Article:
(C) within a domestic violence or sexual assault shelter that receives funding from the state;
(5) possesses or transports a switchblade or a gravity knife; or
(6) is less than 21 years of age and knowingly possesses a deadly weapon, other than an ordinary pocket knife or a defensive weapon, that is concealed on the person.
(b) In a prosecution under (a)(6) of this section, it is an affirmative defense that the defendant, at the time of possession, was
(1) in the defendant’s dwelling or on land owned or leased by the defendant appurtenant to the dwelling; or
(2) actually engaged in lawful hunting, fishing, trapping, or other lawful outdoor activity that necessarily involves the carrying of a weapon for personal protection.
(c) The provisions of (a)(2) and (4) of this section do not apply to a peace officer acting within the scope and authority of the officer’s employment.
(d) In a prosecution under (a)(2) of this section, it is
(1) an affirmative defense that
(A) the defendant, at the time of possession, was the holder of a valid permit to carry a concealed handgun under AS 18.65.700 – 18.65.790 or was considered a permittee under AS 18.65.748
(B) the loaded firearm was a concealed handgun as defined in AS 18.65.790; and
(C) the possession occurred at a place designated as a restaurant for the purposes of AS 04.16.049 and the defendant did not consume intoxicating liquor at the place;
(2) a defense that the defendant, at the time of possession, was on business premises
(A) owned by or leased by the defendant; or
(B) in the course of the defendant’s employment for the owner or lessee of those premises.
(e) For purposes of this section, a deadly weapon on a person is concealed if it is covered or enclosed in any manner so that an observer cannot determine that it is a weapon without removing it from that which covers or encloses it or without opening, lifting, or removing that which covers or encloses it; a deadly weapon on a person is not concealed if it is an unloaded firearm encased in a closed container designed for transporting firearms.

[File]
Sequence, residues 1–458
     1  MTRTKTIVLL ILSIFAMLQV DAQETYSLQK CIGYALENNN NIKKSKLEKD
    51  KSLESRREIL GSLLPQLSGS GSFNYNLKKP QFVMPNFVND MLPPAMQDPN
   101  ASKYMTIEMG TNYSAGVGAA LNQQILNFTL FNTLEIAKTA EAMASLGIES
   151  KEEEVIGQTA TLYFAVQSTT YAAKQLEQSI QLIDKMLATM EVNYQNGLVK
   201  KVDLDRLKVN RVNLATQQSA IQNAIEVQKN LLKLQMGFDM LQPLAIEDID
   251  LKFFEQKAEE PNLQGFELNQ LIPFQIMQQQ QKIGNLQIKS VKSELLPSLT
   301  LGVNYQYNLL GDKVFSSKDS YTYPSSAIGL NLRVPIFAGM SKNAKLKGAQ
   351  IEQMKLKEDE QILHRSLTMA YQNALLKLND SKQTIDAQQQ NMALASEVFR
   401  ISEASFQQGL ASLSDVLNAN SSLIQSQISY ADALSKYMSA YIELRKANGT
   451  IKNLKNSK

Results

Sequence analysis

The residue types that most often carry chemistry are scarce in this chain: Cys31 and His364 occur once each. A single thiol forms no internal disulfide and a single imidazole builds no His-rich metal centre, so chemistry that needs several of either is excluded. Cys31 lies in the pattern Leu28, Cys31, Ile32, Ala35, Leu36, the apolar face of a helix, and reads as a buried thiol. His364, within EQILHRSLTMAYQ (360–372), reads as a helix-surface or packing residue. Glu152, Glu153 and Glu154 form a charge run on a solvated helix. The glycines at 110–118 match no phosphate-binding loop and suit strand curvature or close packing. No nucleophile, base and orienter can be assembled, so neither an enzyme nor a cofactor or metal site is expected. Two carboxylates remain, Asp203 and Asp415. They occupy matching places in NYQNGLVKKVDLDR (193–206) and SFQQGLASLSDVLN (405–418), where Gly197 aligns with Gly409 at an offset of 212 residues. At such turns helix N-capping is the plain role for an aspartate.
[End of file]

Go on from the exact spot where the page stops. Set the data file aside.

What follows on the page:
(f) For purposes of (a)(2) and (e) of this section, a firearm is loaded if the
(1) firing chamber, magazine, clip, or cylinder of the firearm contains a cartridge; and
(2) chamber, magazine, clip, or cylinder is installed in or on the firearm.
(g) Misconduct involving weapons in the fifth degree is a class B misdemeanor.
(h) The provisions of (a)(1)and (6) of this section do not apply to a
(1) peace officer of this state or a municipality of this state acting within the scope and authority of the officer’s employment;
(2) peace officer employed by another state or a political subdivision of another state who, at the time of the possession, is
(A) certified as a peace officer by the other state; and
(B) acting within the scope and authority of the officer’s employment; or
(3) police officer of this state or a police officer or chief administrative officer of a municipality of this state; in this paragraph, “police officer” and “chief administrative officer” have the meanings given in AS 18.65.290 .
(i) In a prosecution
(1) under (a)(4)(B) of this section, it is a defense that the defendant, at the time of possession, was authorized to possess the firearm under a rule of court;
(2) under (a)(4)(C) of this section, it is a defense that the defendant, at the time of possession, was authorized in writing by the administrator of the shelter to possess the firearm.
(j) In (a)(1) of this section, “contacted by a peace officer” means stopped, detained, questioned, or addressed in person by the peace officer for an official purpose.
Sec. 18.65.748. Permit holders from other jurisdictions considered Alaska permit holders. A person holding a valid permit to carry a concealed handgun from another state or a political subdivision of another state is a permittee under 25 AS 18.65.700(b) for purposes of AS 18.65.755 – 18.65.765 if the person has not had an application for a concealed handgun permit rejected in this state because the person was unqualified under AS 18.65.705 or had a concealed handgun permit revoked or suspended by this state.